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Transcript
Lecture 37
NEKTONIC ORGANISMS
General characteristics
Representatives
Invertebrates
Fish
Cetaceans -- whales and porpoises
Other mammals
Reptiles
Migration during life cycle -- some examples
GENERAL CHARACTERISTICS
Nektonic organisms are swimmers
Mode of nutrition: Both....
Herbivores
Carnivores (predators, scavengers)
Vertebrates dominate the nekton
INVERTEBRATE NEKTON -- relatively few representatives
Different evolutionary branch from vertebrates- can track evolution through fossils in ocean sediments
Examples:
Large shrimp (Arthropods)
Cephalopods (class of Mollusca):
Chambered Nautilus
Cuttlefish
Squid
FISH -- THE DOMINANT TYPE OF NEKTONIC LIFE
- Distributed world-wide
- Occur at all depths
- Concentrated in the epipelagic zone (0-200m)
- Deep-water and bottom dwellers also
Cartilagenous fish: skeletons of cartilage, not bone
Sharks- well adapted (evolved over 300 Million Years ago!)
Wide-spread, epipelagic
Active predators (but some are plankton feeders)
Skates and rays
Shallow-bottom dwellers
Carnivores AND plankton feeders
Bony fish: (includes most eels)
Epipelagic representatives (commercially fished)
• Tuna, Salmon -- predators
• Herring, Anchovy -- plankton feeders
Coastal bottom-dwellers (commercially fished)
• Halibut, Sole
Deep-sea (>200m; dark) bony fish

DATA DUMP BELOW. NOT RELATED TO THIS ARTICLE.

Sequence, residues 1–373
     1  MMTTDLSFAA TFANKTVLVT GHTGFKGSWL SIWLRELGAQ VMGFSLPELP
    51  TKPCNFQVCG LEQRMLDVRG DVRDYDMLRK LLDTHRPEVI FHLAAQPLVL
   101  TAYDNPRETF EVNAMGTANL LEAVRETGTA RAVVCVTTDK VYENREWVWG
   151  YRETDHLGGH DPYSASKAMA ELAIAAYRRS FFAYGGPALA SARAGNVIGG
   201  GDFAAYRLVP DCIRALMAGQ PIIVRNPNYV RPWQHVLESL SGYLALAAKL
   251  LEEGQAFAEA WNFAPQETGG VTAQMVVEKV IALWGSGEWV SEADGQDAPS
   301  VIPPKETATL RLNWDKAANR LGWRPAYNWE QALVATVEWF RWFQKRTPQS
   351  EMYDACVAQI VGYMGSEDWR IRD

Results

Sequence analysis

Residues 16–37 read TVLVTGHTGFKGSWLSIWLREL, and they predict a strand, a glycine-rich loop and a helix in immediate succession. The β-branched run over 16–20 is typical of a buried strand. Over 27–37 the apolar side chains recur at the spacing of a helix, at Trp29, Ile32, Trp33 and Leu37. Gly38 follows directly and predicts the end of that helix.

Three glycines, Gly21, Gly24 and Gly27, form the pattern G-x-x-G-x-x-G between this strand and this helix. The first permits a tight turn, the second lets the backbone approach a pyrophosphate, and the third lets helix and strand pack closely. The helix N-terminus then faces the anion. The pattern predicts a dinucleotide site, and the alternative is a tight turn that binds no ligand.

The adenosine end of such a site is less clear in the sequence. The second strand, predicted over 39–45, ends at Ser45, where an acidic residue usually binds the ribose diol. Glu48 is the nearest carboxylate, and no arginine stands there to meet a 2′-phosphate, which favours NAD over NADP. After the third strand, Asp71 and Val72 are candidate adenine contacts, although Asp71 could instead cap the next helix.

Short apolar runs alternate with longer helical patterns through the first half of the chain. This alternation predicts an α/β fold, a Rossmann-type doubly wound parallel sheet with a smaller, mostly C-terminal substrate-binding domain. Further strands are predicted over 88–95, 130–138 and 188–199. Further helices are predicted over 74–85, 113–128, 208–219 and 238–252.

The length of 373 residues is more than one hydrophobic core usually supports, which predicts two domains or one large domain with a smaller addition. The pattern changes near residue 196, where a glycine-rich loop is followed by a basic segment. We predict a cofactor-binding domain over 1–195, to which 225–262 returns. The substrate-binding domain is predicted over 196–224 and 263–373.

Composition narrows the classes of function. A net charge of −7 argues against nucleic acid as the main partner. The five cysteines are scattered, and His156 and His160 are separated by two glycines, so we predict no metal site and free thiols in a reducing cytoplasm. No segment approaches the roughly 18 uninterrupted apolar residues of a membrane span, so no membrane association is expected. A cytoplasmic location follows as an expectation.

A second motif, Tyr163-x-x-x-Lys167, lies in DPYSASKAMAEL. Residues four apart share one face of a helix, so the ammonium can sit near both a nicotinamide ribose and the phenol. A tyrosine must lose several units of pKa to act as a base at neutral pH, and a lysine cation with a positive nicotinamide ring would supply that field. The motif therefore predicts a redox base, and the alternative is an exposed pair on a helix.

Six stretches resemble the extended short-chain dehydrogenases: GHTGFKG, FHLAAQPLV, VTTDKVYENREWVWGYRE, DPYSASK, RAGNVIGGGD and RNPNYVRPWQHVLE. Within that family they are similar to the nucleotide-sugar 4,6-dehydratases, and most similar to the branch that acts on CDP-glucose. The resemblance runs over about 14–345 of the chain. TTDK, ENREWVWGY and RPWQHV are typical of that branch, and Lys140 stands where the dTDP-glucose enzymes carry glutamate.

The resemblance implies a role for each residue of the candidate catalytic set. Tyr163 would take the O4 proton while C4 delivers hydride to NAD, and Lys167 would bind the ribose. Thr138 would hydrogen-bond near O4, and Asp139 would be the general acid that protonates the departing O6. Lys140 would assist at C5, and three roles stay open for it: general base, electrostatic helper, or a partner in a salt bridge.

Habitat: Below the photic zone
All species are carnivorous
Food comes down from photic zone
Scarce food below about 1000m
Competition
Need to attract prey
Need to eat large prey- as large as possible
Need to conserve energy between meals
General features -- adaptations:
• Large, light sensitive eyes
• Small (<10 cm), Low rates of metabolism
• Large mouths, well-developed teeth
• Luminsecent -- light-producing organs
o Attraction of prey
o Mate selection
Representative deep-sea fish:
Cyclothone, Lantern fish
• Abundant mesopelagic fish
• Members of the "Deep-Scattering Layer"
• Feed on Euphausids (Krill) and Copepods
Hatchetfish
• Eyes and mouth directed upward
Angler fish
• Luminous moveable lure
• Parasitic male attached to body of female
CETACEANS
Evolved from a common terrestrial ancestor
1. Baleen whales -- filter-feeders (plankton, e.g., krill, small fish)
2. All other whales, plus porpoises, dolphins
Toothed
Fast-swimming predators
OTHER MARINE MAMMALS
1. Pinnepeds ("feather-footed") …common ancestors
Seals, Sea Lions, Walruses
Habitat: polar, midlatitudes
Require shore and/or sea-ice areas
2. Sea cows -- Manatees, Dugongs: tropical herbivores
3. Sea otters
Habitat: cold, coastal waters
Nutrition: carnivores of clams, sea urchins, etc.
MARINE REPTILES
Few species, but successful
Representatives:
Turtles
Crocodiles
Snakes
Marine Iguanas
MIGRATION OF NEKTONIC SPECIES -- SOME NOTABLE EXAMPLES
WHY MIGRATION? Migration links ....
... regions appropriate for reproduction
... regions of feeding for adults
Examples:
California Grey Whales- Mexico to Alaska
Pacific Salmon- fresh water spawning
Atlantic Eels- salt water spawning- opposite
Spawn at sea; adults migrate to fresh-waters
Atlantic Green Turtles- nesting sites vs. foraging